I tramped along muddy paths along the sides of damp farm fields, desperately hoping it would work out. But the signs though were not good. The fields were waterlogged and the closer I got to the bridleway, the more water the fields appeared to contain. Still, at least it was passable, and soon I was within meters of my bridleway prize. It was there, visible in the distance; clearly usable and very water-free. All I had to do was get to it by making my way through a patch of mud soup in the corner of a field, and I’d be there.

Suddenly I was a man with a purpose. I strode along the field edge making sure to put my feet down in places where the water wasn’t too deep. This worked well for a while, until one fateful moment where I misjudged it all and found foot sinking down into a space where there was absolutely nothing but cold, oh so very cold water, which quickly made its way over the top of my boots, and down inside.

Flooded field at Duxford
There’s nothing quite like it…

Cursing loudly, I battled on to the edge of the field, thinking that whilst I may be wet now, at least I’d soon be on that nice piece of Terra Firma that was the bridleway. My torment was soon to be over! A sodden boot was a sacrifice worth making for this greater glory! And with that in mind, I positively and enthusiastically slurped by way towards the bridleway.

It wasn’t to be. The hedge at the edge of the field had prevented me from seeing the last bit of path that I needed to cross to get to the bridleway, but now it was visible. And it wasn’t good news. Between the hedge and the bridleway was a ditch well over a metre wide and absolutely full of very fast flowing, and very cold looking water. Yes, the bridleway itself was very usable, but only if I could somehow cross this cold, brown, sludgy monster.

In a moment of recklessness – or desperation, take your pick – I decided to go for it; to make a desperate attempt to ford this ditch. One of my feet was already soaking wet, what difference would it make? I could cross if I tried hard enough.

So I tried. I put a foot down into the ditch, and milliseconds later started desperately pulling it back up again. The water, it turned out, was at least knee high, and thanks to that my boots were rapidly filling up with water. Desperately grabbing hold of a tree for stability, I yanked myself out as quick as I could, and collapsed on a rare bit of dry land.

There was no way round it. Plan A had failed, plan B was a write-off and plan C had turned out to be a basket case. I needed a plan D. And the way things were going, plans E, F, G and H as well. There was just one problem. I didn’t have any of them, and had absolutely no idea what to do next.

Flooding in the distance, seen at Duxford
…for soothing the blood.

What was abundantly clear was that being near the river wasn’t going to work; at least not for a while. Even a parallel route that was a respectable distance from the river proper, had proved to be a complete non-starter. It would clearly be some time before it would be worth risking going near it again.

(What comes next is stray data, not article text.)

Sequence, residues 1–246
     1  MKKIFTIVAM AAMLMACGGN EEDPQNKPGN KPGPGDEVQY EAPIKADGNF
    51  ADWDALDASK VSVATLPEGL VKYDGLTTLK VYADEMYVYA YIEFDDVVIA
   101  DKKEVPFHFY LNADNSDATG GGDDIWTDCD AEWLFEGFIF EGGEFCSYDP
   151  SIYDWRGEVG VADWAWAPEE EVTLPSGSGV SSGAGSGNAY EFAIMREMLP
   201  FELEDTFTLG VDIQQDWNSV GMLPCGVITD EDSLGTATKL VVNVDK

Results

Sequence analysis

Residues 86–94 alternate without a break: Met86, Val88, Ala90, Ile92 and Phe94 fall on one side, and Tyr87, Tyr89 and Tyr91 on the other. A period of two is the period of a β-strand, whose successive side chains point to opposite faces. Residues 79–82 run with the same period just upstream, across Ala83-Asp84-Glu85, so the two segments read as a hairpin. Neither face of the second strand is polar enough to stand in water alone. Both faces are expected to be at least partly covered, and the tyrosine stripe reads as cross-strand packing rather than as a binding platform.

With absolutely no idea what to do, I sought advice from my mobile phone. Google would be able to tell me what to do, I reasoned. But it turned out that Google thought the best thing to do was go home, have a nice warm bath, and give up on the whole wretched idea.

In many respects that really was the most sensible thing to do.

But just in case, an alternative option was proffered. I could head to a main road some distance to the north, and follow it for a while, before taking another to Tadpole Bridge, near where the bridleway would have taken me. All I had to do was get to the road in the first place.

My Ordnance Survey maps showed a path, or at least a farm track, that went roughly in the right direction. But it wasn’t signposted anywhere, and I spent a long time wandering around muddy fields, hopelessly going round in circles as I desperately tried to find it. After about twenty minutes I decided it never existed in the first place, gave the whole thing up as a bad job, and decided to follow a set of tractor tyre markings that lead up a hill instead. I had no idea where they would take me to, but it was a better idea than standing around in a field for another hour, getting more and more frustrated.

As a plan, it turned out to be a good one. The tyre marks led me a field next to a cluster of houses. And the houses had a driveway to the main road. Naturally the driveway had a large sign saying it was “Private” and had “no public right of way” but, that was at the other end so I couldn’t see it. Even if I had seen it, I would have ignored it. I was in no mood for playing mister nice guy and obeying the rules, especially given Mother Nature had done her finest work in preventing me from following the legal right of way in the first place.

So I’m sorry if you owned that land, but I didn’t care. If a farmer had come out with a shotgun and demanded I get “orf” his land, well I don’t think I could have been held responsible for my actions. It’s just as well that no one did do that; perhaps because they recognised that remonstrating with a bedraggled hiker with a wild look in his eyes, really wasn’t going to be the best use of their time.

A-road with Services sign
Ginsters pasties ahoy!

The end of the driveway deposited me next to a bus stop on the side of the A420; a busy road running between Bristol and Oxford. After quickly ascertaining that the next bus would take me nowhere particularly useful and wouldn’t be turning up for a while, I hunched up my shoulders and reluctantly began to walk down the grassy verge. A sign nearby promised a that there were ‘Services’ half a mile away, and I set off with the vague hope that I’d find something there to cheer me up. What I found was a BP petrol station and a former Little Chef, that had been re-branded as “Awesome Diner”, although its offer of gourmet burgers had obviously been just too awesome as it was now boarded up and derelict.

With little to detain me, I walked in the rain feeling utterly miserable as cars and lorries raced past me, occasionally hitting me a good dose of spray from the surface of the road.

By the time I found a bus shelter on the edge of the village of Buckland, I was an emotional wreck. As I huddled in the shelter, I felt like crying. Little had gone right all day. The wind had been battering me, the rain was making me drenched and I wasn’t anywhere near where I was actually supposed to be.

All I could do was hope, desperately hope, that the afternoon would be just a little better.

Former Little Chef at Buckland - now all boarded up and derelict.
Once a Little Chef, later an Awesome Diner, and now a mess

Will things get back on track? Will it ever stop raining? Will I have a pasty? Watch out for the thrilling conclusion…